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How to hydrate for a marathon

Dehydration can have a serious negative effect on performance. As little as 2% dehydration causes:

  • 8% loss of speed
  • 10% loss of strength
  • 20% loss of cognitive function

Dehydration occurs through loss of sweat from the body, mainly in the form of sweat that is evaporated from the skin as the body tries to prevent overheating. Sweat volume and electrolyte loss varies from individual to individual and depending on the ambient temperature. Some individuals can produce large volumes of sweat during exercise but may be very good at retaining electrolytes preventing camps and decreased performance, while others may be “salty sweaters” and lose large amounts of electrolytes leading to cramping and decreased performance.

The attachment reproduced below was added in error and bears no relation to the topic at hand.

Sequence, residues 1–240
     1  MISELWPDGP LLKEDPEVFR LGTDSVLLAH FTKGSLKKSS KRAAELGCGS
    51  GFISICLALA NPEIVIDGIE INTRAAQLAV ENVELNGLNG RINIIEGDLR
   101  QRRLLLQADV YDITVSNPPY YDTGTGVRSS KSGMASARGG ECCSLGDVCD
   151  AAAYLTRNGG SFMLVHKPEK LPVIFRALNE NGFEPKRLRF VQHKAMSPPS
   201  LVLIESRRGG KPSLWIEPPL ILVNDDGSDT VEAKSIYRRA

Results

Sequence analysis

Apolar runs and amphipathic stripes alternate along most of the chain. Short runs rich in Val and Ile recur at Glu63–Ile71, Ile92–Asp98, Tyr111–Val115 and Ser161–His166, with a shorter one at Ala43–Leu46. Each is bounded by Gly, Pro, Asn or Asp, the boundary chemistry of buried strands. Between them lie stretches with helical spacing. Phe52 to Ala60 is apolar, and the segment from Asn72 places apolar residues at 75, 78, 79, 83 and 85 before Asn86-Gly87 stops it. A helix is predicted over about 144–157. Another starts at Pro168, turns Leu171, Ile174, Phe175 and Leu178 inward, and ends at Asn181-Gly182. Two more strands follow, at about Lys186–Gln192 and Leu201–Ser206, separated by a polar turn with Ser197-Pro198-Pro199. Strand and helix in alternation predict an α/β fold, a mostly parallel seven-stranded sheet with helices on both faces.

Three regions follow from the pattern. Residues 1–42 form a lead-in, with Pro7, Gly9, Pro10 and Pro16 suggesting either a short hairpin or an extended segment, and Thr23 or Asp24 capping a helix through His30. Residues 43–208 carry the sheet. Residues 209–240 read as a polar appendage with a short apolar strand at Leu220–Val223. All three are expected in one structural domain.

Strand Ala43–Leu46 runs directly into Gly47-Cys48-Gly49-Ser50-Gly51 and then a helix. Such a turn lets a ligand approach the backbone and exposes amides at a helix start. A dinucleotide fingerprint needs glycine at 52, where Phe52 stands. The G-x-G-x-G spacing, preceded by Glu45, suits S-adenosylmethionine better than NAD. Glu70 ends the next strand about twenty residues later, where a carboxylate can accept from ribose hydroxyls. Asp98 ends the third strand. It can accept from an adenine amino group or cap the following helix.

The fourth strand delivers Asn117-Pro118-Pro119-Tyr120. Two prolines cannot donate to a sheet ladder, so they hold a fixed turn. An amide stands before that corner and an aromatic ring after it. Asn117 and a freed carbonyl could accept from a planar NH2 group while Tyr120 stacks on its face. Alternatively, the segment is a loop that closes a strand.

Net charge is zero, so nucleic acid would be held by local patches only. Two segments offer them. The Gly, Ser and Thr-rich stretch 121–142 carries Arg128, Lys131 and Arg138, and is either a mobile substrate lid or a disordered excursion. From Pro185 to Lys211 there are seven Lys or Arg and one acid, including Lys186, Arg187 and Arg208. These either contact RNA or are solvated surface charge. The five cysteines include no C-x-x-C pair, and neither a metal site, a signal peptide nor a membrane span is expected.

There are different ways of monitoring hydration levels before, during and after exercise – the easiest and most accessible way is urine colour testing.

Urine colour – basing your urine colour against a chart of different colours has been used for some time to determine hydration status (see chart). A dark yellow / brownish colour indicates dehydration, whereas a clear light yellow colour indicates hydration. This form of hydration assessment can be inaccurate if you take a multivitamin as your urine will be bright yellow regardless of whether you are hydrated or not.

Another way to assess your hydration status is to use pre and post run weighing. Weigh yourself naked before a 30 minute run, don’t drink anything or consume any fluid. Weigh yourself naked again after the run. For every 1 kg of body weight lost drink 1.5 litres of fluid. These beverages should contain electrolytes and a small amount of carbohydrate (about 8% of the solution) and can be consumed gradually after activity.

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